The U.S. Department of Health and Human Services (HHS) on Friday announced the finalization of a rule that will delay by one year the deadline for healthcare providers to implement the ICD-10 medical coding system.
ICD-10, which is designed to better track diagnoses and treatments, affects dozens of core applications for healthcare providers and insurance payers.
The deadline delay was not unexpected as HHS announced it was considering a deadline delay at the beginning of the year. The HHS, in February, said it was considering the delay in response to requests from healthcare providers who claimed they are already overwhelmed by requirements to transition to electronic medical records by 2015.
The ICD-10 delay moves the deadline from Oct. 1, 2013 to Oct 1, 2014, the date by which covered entities, such as hospitals and insurers, must comply with International Classification of Diseases, 10th Edition diagnosis and procedure codes (ICD-10).
Not everyone is happy about delay. The College of Healthcare Information Management Executives (CHIME) published a terse response to HHS's rule, saying more delays in implementing ICD-10 would disrupt ongoing efforts to convert electronic systems. CHIME has 1,400 CIOs and 70 healthcare IT vendors and professional services firms as members.
"As HHS itself recognizes, a longer delay would significantly increase the costs of converting to ICD-10. Overall, CHIME applauds the efforts of HHS to quickly and decisively signal a commitment to ICD-10 conversion, and we urge the Department to develop a clear path forward, with benchmarks, so that healthcare industry stakeholders can make the conversion in 2014," said CHIME President and CEO Richard Correll.
The move from ICD-9 to ICD-10, which replaces about 15,000 codes with approximately 68,000 new ones, comes at a time when care providers are already under the gun to implement and prove to the federal government the meaningful use of electronic health records (EHR).
ICD-10 codes provide more robust and specific data that will help improve patient care and enable the exchange of U.S. health care data with other nations already using ICD-10. Entities covered under the Health Insurance Portability and Accountability Act of 1996 (HIPAA) will be required to use the ICD-10 diagnostic and procedure codes.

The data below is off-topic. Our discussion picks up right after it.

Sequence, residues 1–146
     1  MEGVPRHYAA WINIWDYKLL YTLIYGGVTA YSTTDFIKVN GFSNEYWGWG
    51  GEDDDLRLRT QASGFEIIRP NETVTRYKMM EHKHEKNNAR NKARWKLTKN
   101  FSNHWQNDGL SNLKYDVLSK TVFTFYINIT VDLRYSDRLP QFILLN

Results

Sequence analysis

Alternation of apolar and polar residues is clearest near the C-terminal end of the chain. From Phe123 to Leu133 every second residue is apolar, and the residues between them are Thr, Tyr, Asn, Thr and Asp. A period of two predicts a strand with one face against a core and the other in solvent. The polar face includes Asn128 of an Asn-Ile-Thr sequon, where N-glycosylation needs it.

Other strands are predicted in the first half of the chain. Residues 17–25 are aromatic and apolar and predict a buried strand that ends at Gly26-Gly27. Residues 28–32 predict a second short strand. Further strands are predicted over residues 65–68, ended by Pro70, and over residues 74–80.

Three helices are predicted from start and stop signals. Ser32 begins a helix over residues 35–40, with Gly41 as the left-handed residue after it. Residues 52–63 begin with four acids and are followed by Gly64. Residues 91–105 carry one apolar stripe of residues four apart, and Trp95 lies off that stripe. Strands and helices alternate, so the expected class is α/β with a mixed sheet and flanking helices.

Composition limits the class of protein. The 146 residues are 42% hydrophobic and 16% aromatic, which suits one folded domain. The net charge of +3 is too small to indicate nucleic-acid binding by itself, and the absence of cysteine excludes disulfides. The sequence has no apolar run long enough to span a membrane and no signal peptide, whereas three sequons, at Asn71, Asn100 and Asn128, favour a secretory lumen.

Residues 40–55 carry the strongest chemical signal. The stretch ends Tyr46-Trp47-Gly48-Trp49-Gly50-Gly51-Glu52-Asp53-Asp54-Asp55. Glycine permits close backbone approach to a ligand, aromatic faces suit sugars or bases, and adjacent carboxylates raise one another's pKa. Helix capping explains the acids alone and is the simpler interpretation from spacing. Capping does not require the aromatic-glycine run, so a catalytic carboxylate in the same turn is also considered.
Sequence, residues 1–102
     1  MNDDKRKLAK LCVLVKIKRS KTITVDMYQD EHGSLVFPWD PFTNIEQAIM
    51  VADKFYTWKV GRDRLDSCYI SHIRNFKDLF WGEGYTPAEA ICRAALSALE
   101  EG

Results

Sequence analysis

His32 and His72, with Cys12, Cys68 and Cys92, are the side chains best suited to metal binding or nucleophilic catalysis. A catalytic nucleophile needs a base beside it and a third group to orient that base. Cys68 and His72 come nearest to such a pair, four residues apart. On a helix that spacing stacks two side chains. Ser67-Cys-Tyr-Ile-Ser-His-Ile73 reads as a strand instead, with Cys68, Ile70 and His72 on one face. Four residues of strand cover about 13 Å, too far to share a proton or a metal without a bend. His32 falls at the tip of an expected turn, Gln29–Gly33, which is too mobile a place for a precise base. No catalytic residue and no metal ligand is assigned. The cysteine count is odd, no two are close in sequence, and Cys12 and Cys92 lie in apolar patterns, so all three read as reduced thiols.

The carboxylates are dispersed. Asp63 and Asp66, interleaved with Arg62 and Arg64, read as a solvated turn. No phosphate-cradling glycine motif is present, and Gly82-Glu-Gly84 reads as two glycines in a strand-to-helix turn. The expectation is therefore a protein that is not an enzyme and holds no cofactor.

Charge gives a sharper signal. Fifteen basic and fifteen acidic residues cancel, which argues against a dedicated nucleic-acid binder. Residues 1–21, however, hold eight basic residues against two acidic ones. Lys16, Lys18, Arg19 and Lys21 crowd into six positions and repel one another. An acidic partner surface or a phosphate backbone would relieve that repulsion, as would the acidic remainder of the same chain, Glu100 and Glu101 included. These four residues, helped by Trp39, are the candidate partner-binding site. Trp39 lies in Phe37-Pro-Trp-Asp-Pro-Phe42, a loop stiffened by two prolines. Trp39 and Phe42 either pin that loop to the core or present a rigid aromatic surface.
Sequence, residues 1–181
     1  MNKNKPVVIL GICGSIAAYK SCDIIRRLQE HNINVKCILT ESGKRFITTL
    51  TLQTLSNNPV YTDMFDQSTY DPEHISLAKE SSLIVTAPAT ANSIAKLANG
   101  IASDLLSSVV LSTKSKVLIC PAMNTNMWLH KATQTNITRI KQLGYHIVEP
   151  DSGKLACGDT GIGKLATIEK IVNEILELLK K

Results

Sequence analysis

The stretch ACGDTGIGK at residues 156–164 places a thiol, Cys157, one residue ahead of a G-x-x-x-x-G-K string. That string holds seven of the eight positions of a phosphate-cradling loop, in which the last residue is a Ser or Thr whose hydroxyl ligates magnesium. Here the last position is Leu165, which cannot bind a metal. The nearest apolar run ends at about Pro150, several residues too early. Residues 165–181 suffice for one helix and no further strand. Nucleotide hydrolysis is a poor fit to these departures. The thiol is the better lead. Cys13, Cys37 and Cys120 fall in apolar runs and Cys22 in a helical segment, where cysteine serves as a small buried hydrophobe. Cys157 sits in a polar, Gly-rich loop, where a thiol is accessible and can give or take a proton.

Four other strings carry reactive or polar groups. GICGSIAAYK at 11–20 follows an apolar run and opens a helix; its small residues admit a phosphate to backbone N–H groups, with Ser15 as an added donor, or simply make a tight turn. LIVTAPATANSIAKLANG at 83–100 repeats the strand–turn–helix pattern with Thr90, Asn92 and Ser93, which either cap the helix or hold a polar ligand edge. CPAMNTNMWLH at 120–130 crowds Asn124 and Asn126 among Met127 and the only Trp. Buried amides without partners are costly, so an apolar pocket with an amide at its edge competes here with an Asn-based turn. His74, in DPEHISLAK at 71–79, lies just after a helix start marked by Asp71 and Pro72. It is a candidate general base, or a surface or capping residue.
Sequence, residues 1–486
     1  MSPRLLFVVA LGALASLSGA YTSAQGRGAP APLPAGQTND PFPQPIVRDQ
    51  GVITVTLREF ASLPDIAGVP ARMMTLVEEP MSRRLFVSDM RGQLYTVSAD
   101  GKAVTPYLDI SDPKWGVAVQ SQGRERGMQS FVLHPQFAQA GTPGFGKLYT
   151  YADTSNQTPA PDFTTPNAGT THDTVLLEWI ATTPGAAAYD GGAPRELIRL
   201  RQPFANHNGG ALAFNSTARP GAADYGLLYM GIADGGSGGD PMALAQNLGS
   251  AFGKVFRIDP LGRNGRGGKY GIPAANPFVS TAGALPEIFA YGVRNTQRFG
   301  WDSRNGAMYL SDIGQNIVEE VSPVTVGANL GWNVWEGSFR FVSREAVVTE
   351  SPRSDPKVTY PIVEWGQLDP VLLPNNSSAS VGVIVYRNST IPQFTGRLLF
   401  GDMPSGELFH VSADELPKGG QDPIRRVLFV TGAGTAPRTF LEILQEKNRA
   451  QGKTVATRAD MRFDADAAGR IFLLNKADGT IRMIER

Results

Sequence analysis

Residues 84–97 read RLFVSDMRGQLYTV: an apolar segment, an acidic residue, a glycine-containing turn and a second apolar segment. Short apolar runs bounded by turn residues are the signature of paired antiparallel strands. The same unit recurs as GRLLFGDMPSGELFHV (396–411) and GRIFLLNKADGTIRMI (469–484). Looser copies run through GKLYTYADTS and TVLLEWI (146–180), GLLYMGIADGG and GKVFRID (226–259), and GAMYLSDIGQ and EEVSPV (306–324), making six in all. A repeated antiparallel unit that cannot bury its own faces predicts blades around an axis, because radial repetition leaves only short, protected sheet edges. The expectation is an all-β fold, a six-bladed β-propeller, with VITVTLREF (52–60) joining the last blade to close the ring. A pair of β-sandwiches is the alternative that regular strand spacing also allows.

The changeover will probably cost larger hospitals between $2 million and $5 million, and large care groups as much as $20 million, said James Swanson, director of client services at Virtusa, an IT services and consulting company.
The new HHS rule is one of a series of changes required by the Affordable Care Act to cut red tape and save $6 billion over the next 10 years, according to HHS. The rule adopts the standard for a national unique health plan identifier (HPID) and a data element that will serve as an "other entity" identifier (OEID). An OEID is an identifier for entities that are not health plans, health care providers, or individuals, but that need to be identified in standard transactions, such as third party administrators.
A third party administrator is an organization that processes insurance claims or certain aspects of employee benefit plans for a separate entity.
"The most significant benefit of the HPID and the OEID is that they will increase standardization within the HIPAA standard transactions," HHS stated.
Lucas Mearian covers storage, disaster recovery and business continuity, financial services infrastructure and health care IT for Computerworld. Follow Lucas on Twitter at @lucasmearian or subscribe to Lucas's RSS feed . His e-mail address is firstname.lastname@example.org.